PUBLIC DEBT

IMF's Sh255bn loan facility to Kenya elicits storm

Citizens question why government is heavily reliant on loans

In Summary
  • Kenyans wondered why the IMF approved the loan request even when it was obvious that the country is already burdened with debt.
  • According to the 2021 Budget Policy Statement, Kenya's public debt as of June 2020 stood at Sh7. 6 trillion, equivalent to 65 per cent of GDP.
The International Monetary Fund logo is seen at the IMF headquarters building during the 2013 Spring Meeting of the International Monetary Fund and World Bank in Washington, April 18, 2013. Photo/REUTERS
The International Monetary Fund logo is seen at the IMF headquarters building during the 2013 Spring Meeting of the International Monetary Fund and World Bank in Washington, April 18, 2013. Photo/REUTERS

The announcement by the International Monetary Fund on Friday that it had approved a Sh255 billion loan for Kenya has elicited a storm among some Kenyans.

Majority of Kenyans wondered why the IMF approved the loan request at a time the country is already burdened with debt.

It was on Thursday, just a day before the loan was approved that the latest study by Infotrak suggested that most regions are opposed to the government appetite for foreign loans, the President Uhuru Kenyatta's backyard being the most resentful.

The survey said 81 per cent of Kenyans feel anxious, fearful or angry because of the debt burden.

According to the 2021 Budget Policy Statement, Kenya's public debt as of June 2020 stood at Sh7. 6 trillion, equivalent to 65 per cent of GDP.

Former Mukurweini MP Kabando wa Kabando said the country had gone back to the days of Kanu when the government was dependent on loans.

“We are back to Moi’s Kanu regime under IMF/WB structural adjustment programs which retired President Kibaki ended to finance our budget 93 per cent from local recourses,” he stated.

Narok Senator Ledama Olekina wondered why the government had acquired an additional to mitigate the effects of the Covid-19 pandemic when counties got so little from loans secured earlier.

“Why did Kenya borrow Sh214 billion to fight Covid-19 yet only Sh7 billion was sent to the 47 County Governments in total?” he posed.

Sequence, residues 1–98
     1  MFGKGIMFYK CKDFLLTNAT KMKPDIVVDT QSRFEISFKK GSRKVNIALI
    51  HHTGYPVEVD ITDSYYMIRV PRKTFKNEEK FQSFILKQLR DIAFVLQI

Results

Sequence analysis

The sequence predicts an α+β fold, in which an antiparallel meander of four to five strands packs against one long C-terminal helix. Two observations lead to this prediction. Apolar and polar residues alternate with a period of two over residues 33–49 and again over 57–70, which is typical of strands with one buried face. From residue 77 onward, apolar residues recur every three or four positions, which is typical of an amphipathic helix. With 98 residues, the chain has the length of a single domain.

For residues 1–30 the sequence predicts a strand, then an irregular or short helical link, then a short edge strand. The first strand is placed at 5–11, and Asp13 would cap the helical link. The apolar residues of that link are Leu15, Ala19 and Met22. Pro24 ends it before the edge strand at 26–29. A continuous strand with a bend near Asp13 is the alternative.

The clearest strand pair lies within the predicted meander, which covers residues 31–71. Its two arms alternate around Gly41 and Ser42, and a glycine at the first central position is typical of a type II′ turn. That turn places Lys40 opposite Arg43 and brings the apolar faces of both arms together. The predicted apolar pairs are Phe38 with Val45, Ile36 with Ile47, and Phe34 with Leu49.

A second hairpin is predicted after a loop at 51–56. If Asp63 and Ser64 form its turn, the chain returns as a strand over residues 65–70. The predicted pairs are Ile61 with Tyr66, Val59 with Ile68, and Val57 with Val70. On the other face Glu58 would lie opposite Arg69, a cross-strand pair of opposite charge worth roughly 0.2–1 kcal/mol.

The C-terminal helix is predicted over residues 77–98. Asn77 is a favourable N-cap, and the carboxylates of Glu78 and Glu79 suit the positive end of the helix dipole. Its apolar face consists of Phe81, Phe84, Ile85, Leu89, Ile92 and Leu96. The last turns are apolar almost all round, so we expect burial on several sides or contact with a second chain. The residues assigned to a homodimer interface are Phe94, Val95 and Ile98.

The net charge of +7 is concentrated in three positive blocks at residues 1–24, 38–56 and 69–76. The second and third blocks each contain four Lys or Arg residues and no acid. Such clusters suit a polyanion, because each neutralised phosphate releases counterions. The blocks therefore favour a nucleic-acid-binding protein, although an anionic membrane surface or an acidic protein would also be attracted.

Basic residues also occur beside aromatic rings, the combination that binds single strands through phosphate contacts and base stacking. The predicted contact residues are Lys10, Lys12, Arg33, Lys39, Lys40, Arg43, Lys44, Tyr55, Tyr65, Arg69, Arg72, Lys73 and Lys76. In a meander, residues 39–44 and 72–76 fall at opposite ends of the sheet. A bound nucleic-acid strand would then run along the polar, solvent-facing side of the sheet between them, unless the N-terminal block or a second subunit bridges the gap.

Nominated MP Millicent Omanga was equally not impressed with the announcement.

“I understand tumefuliza another Sh255 billion. Bonge la rais,” she stated.

Paka Mkareketwa, a Kenyan on Twitter said the IMF should not have approved the loan since the country is already debt-burdened.

"Please IMF, have mercy on us as Kenyans. We are suffering. Giving us such loans will make even coming generations suffer. Coming generations should not suffer due to our mistakes of voting. Have mercy on unborn kids,” he said.

On Friday, IMF had announced Kenya would receive Sh255 billion to support Covid-19 response and address an urgent need to reduce debt vulnerabilities

It is the country's second loan program from the IMF in under one year having received Sh80.6 billion in May last year to mitigate the effects of the Covid-19 pandemic.

Kenya will use the new loan to curb the Covid-19 pandemic and reducing debt vulnerabilities. IMF will offer the loan in instalments for three years.

Approval of the loan under the fund’s Extended Credit Facility and Extended Fund Facility, ECF/EFF, will enable the immediate disbursement of Sh33.5 billion which can be used for budget support.

IMF said Kenya’s loan remains sustainable, but the country is at high risk of debt distress and urged authorities to focus on urgent structural policy challenges.

“The Kenyan authorities have demonstrated a strong commitment to fiscal reforms during this unprecedented global shock, and Kenya’s medium-term prospects remain positive,” IMF deputy managing director, Antoinette Sayeh, said in a statement.

While addressing a news conference on Tuesday, CBK Governor Patrick Njoroge said he expected the new facility to anchor the government’s ongoing fiscal consolidation plan following interruptions from the pandemic.

“The bottom line is that the programme will support our Covid-19 response and budget support. It anchors fiscal consolidation through revenue driven policies which minimise debt vulnerabilities. This is the key element of the program,” he said.

-Edited by Sarah Kanyara